Music

The Avett Brothers

The Avett Brothers are an American folk rock band from Concord, North Carolina. The band is made up of two brothers, Scott Avett and Seth Avett along with Bob Crawford and Joe Kwon. Mike Marsh and Bonnie Avett-Rini are touring members of the band. Wikipedia

Joan Osborne

also see Trigger Hippy

Joan Elizabeth Osborne is an American singer, songwriter, and interpreter of music, having recorded and performed in various popular American musical genres including pop, soul, R&B, blues, and country. She is best known for her recording of the Eric Bazilian song “One of Us”, from her debut album Relish. Wikipedia

Bandhouse Gigs

BandHouse Gigs, founded in 2004 by local Bethesda, Maryland musicians Ronnie Newmyer and Chuck Sullivan, and later joined by David Sless, Greg Hardin, and Danny Schwartz, is the D.C. area’s premier producer of one-of-a-kind tribute concerts for iconic artists and influential musical movements.  Over the past 13 years BandHouse has produced 25 sold out shows at The Warner Theater, The Music Center at Strathmore, The Fillmore Silver Spring, Wolf Trap, Rams Head On Stage, and The Hamilton Live.

They collaborate with professionals willing to donate their services, including writers, graphic artists, videographers, photographers, make-up artists, lighting designers, marketing professionals, and audio engineers.  Together they are the BandHouse Team.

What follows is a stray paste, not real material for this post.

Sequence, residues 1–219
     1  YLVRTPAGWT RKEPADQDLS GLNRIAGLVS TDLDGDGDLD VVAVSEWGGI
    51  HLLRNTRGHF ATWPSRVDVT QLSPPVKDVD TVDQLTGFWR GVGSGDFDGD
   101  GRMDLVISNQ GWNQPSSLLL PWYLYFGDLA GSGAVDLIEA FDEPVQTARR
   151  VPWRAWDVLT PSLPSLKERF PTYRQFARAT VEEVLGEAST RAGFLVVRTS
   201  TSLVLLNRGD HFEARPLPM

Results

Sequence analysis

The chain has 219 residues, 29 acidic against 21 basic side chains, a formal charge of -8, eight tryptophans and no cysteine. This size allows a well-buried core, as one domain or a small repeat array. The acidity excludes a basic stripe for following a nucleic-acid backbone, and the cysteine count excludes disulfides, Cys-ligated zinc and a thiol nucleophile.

Bandhouse Gigs on Facebook

Dawes

Dawes is an American folk rock band from Los Angeles, California, composed of brothers Taylor and Griffin Goldsmith, along with Wylie Gelber and Lee Pardini. Wikipedia

A group of road warriors who’ve carved out their blend of amplified folk-rock, the music is nuanced and collaborative, with no single instrument dominating the track list. Dawes-FB page

Eric Brace

Eric Brace runs Red Beet Records and makes music on his own, with Last Train Home and as a trio with Peter Cooper and Thomm Jutz. In 2003, he founded the label and he and his band, Last Train Home moved to East Nashville from the Washington DC area. Brace had been a journalist at the Washington Post and had run the Top Records label.

Eric returns to the DC area with some frequency, playing clubs where he built his loyal following and participating, as in the embedded video, in numerous BandhouseGigs productions, including the recent live stream “From BandHouse to Your House.”

Eric Scott

Washington, D.C. soul/pop artist and bassist Eric Scott has enjoyed a varied and interesting musical journey. As an artist and sideman, he has toured internationally, sharing the stage with artists as diverse as Deanna Bogart, Aaron Neville, Mavis Staples, Ray Charles, Roger Waters, Tom Morello, Little Feat, and Billy Corgan, His original songs have appeared on ABC-TV, Showtime, Starz Network, Cinemax, the WB, as well as several major and indie motion pictures. He has also lent his singing voice to ad campaigns for HGTV, DC Lottery, and Nat Geo, Ford, Chevy, Jeep, Chrysler, and many more. He is a 15-time Wammie winner, as awarded by the Washington Area Music Association (WAMA).